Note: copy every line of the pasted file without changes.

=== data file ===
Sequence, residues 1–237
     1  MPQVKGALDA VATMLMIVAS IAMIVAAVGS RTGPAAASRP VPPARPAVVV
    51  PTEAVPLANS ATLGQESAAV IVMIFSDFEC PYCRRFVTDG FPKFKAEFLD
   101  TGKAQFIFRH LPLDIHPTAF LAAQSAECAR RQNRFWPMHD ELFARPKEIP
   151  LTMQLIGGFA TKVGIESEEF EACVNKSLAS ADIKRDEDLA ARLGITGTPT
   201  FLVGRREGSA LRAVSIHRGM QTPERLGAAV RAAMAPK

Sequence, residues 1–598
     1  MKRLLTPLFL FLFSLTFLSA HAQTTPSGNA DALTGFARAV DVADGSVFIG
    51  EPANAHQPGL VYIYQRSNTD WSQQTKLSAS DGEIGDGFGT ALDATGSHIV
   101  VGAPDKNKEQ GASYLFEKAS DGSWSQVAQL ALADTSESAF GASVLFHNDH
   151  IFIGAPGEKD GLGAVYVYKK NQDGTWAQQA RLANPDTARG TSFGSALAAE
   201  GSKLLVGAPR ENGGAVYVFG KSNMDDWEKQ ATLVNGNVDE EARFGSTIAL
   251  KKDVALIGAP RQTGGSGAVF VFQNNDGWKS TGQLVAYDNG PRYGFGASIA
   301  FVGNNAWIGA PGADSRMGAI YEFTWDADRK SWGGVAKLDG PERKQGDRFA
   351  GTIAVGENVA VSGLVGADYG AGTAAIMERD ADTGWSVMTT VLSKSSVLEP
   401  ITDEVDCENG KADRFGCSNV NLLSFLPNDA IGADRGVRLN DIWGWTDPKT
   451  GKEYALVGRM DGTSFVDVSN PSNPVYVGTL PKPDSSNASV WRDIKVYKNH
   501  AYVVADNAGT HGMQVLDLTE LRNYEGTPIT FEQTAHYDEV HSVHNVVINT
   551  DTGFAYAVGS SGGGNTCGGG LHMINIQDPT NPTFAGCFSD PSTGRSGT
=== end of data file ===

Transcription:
Sequence, residues 1–237
     1  MPQVKGALDA VATMLMIVAS IAMIVAAVGS RTGPAAASRP VPPARPAVVV
    51  PTEAVPLANS ATLGQESAAV IVMIFSDFEC PYCRRFVTDG FPKFKAEFLD
   101  TGKAQFIFRH LPLDIHPTAF LAAQSAECAR RQNRFWPMHD ELFARPKEIP
   151  LTMQLIGGFA TKVGIESEEF EACVNKSLAS ADIKRDEDLA ARLGITGTPT
   201  FLVGRREGSA LRAVSIHRGM QTPERLGAAV RAAMAPK

Sequence, residues 1–598
     1  MKRLLTPLFL FLFSLTFLSA HAQTTPSGNA DALTGFARAV DVADGSVFIG
    51  EPANAHQPGL VYIYQRSNTD WSQQTKLSAS DGEIGDGFGT ALDATGSHIV
   101  VGAPDKNKEQ GASYLFEKAS DGSWSQVAQL ALADTSESAF GASVLFHNDH
   151  IFIGAPGEKD GLGAVYVYKK NQDGTWAQQA RLANPDTARG TSFGSALAAE
   201  GSKLLVGAPR ENGGAVYVFG KSNMDDWEKQ ATLVNGNVDE EARFGSTIAL
   251  KKDVALIGAP RQTGGSGAVF VFQNNDGWKS TGQLVAYDNG PRYGFGASIA
   301  FVGNNAWIGA PGADSRMGAI YEFTWDADRK SWGGVAKLDG PERKQGDRFA
   351  GTIAVGENVA VSGLVGADYG AGTAAIMERD ADTGWSVMTT VLSKSSVLEP
   401  ITDEVDCENG KADRFGCSNV NLLSFLPNDA IGADRGVRLN DIWGWTDPKT
   451  GKEYALVGRM DGTSFVDVSN PSNPVYVGTL PKPDSSNASV WRDIKVYKNH
   501  AYVVADNAGT HGMQVLDLTE LRNYEGTPIT FEQTAHYDEV HSVHNVVINT
   551  DTGFAYAVGS SGGGNTCGGG LHMINIQDPT NPTFAGCFSD PSTGRSGT